Chileans Vote Up or Down for Constitutional Change

Since the CIA elevated Augusto Pinochet to power on an earlier 9/11 day of infamy in 1973 — replacing social democracy with tyrannical fascist rule — Pinochet’s ghost still haunts most Chileans.

Billionaire Sebastian Pinera governs the country with an iron fist, enforcing neoliberal harshness under police state rule.

Since 2019, millions of Chileans took to the streets against deep-seated corruption and inequality, high prices, poverty wages, and governance for privileged interests exclusively at the expense of most others.

For nearly half a century, Chilean ruling authorities followed Chicago School fundamentalist/IMF diktat policies.

They privatized state enterprises, handing them to corporate predators.

Mass layoffs, deregulation, deep social spending cuts, wage freezes or cuts, free market accesses for corporate America, business tax cuts, and tax increases for ordinary Chileans followed.

So did harsh repression against labor and other ordinary people.

Among 27 OECD member states,  Chile ranks highest in income inequality.

Most Chileans demand Pinera’s resignation and a new constitution.

He remains in office. On Sunday, Chileans are voting up or down on drafting a new constitution to replace the current repressive one.

Ahead of Sunday’s vote, Chileans filled Santiago streets and elsewhere in the country for fundamental changes they demand.

They include higher wages, affordable prices, pension reform, free education and healthcare, along with a nation fit to live in.

Voting age Chileans are expected to turn out en masse for democratic change over fascist repression and a constitution that reflects it.

Widely despised Pinera has rock-bottom support of around 10% or less.

Choice for voters on Sunday is twofold: whether or not to draft a new constitution and if approved, what type body to prepare it.

On the latter issue, voters have two choices:

A constitutional convention with equal numbers of legislators and popularly elected delegates or a body comprised entirely of voter-elected members.

According to results of an Activa Research poll published on October 10, nearly 85% of Chileans want a new constitution, only 15% against drafting a new one.

Nearly 78% of respondents favor a “constitutional convention” option — MPs excluded, all delegates popularly elected.

If majority Chileans approve preparation of a new one, a vote to elect drafting body delegates will follow on April 11, 2021.

Once assembled, the Constitutional Convention will have nine months to draft a new document.

It must be approved by a two-thirds majority.

Within 60 days of approval, Chileans will have final say up or down on the new document by a simple majority through a national plebiscite.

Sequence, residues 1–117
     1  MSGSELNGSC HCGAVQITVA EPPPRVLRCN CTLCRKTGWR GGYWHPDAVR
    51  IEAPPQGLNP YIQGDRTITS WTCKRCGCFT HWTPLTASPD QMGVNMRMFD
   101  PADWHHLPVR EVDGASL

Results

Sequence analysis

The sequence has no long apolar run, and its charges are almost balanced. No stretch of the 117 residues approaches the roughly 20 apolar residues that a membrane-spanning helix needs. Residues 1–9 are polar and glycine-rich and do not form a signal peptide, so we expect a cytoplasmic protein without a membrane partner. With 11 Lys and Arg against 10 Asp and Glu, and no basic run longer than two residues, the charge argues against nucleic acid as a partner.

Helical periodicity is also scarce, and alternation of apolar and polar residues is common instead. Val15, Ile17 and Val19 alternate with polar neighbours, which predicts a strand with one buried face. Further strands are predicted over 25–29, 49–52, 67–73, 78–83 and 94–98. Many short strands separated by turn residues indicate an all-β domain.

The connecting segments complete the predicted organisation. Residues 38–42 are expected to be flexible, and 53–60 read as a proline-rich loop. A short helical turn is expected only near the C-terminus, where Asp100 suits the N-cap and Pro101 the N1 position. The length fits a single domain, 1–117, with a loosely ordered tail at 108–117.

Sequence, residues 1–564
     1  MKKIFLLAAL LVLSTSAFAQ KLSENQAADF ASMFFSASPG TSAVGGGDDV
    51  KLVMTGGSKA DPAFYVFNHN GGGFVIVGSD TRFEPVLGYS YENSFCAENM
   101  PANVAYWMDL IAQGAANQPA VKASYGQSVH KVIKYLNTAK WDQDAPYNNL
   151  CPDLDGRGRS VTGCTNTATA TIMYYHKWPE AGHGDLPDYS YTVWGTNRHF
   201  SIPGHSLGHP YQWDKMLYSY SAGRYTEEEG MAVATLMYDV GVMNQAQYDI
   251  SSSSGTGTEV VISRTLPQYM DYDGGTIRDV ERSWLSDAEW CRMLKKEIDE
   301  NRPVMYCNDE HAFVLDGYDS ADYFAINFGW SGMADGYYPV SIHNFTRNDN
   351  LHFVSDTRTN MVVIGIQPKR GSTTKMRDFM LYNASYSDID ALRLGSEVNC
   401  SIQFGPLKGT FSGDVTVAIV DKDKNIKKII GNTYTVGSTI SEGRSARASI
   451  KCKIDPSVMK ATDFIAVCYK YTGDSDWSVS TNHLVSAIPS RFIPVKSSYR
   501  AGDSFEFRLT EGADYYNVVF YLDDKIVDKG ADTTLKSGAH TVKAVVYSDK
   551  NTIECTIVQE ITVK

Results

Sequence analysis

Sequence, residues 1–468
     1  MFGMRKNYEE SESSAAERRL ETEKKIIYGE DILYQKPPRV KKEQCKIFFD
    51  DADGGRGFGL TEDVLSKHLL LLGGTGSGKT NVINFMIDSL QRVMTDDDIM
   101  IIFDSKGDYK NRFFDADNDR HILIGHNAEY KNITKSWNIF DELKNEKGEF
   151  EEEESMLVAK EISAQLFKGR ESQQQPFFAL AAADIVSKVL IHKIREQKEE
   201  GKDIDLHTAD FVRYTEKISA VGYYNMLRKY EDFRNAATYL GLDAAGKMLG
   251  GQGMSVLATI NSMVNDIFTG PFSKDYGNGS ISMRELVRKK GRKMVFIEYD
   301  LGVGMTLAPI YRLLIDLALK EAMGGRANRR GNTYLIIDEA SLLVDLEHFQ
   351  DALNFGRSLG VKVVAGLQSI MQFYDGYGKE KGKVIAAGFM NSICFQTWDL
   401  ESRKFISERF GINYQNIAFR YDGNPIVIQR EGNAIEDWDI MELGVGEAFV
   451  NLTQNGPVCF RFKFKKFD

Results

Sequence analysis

If approved, it would become effective in 10 days.

It’ll be months to complete the process that begins on Sunday — with no assurance of the outcome no matter what changes most Chileans demand.

They’ve lived under repressive rule for nearly half a century.

Based on large-scale protests since last year, Chileans want equity and justice over ongoing fascist rule.

If the referendum and constitutional drafting process don’t deliver it, they’ll likely be back in the streets again demanding their fundamental rights.

A Final Comment

Chile has around 15 million eligible voters. They include citizens aged-18 or older and foreign nationals who’ve lived in the country over five years and have not been convicted of a crime.

Chileans abroad may vote at consulates where they reside.

Voting is scheduled from 8AM to 8PM or later at stations if queues remain.

Special voting hours for Chileans aged-60 or older exclusively are from 2PM – 5PM.

Individuals diagnosed with covid disease are prohibited from taking part in the process.

Official results of Sunday’s referendum may not be known until late November.

Electoral officials have until November 27 to announce them.


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Award-winning author Stephen Lendman lives in Chicago. He can be reached at [email protected]. He is a Research Associate of the Centre for Research on Globalization (CRG)

His new book as editor and contributor is titled “Flashpoint in Ukraine: US Drive for Hegemony Risks WW III.”

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Articles by: Stephen Lendman

About the author:

Stephen Lendman lives in Chicago. He can be reached at [email protected] His new book as editor and contributor is titled "Flashpoint in Ukraine: US Drive for Hegemony Risks WW III." Visit his blog site at Listen to cutting-edge discussions with distinguished guests on the Progressive Radio News Hour on the Progressive Radio Network. It airs three times weekly: live on Sundays at 1PM Central time plus two prerecorded archived programs.

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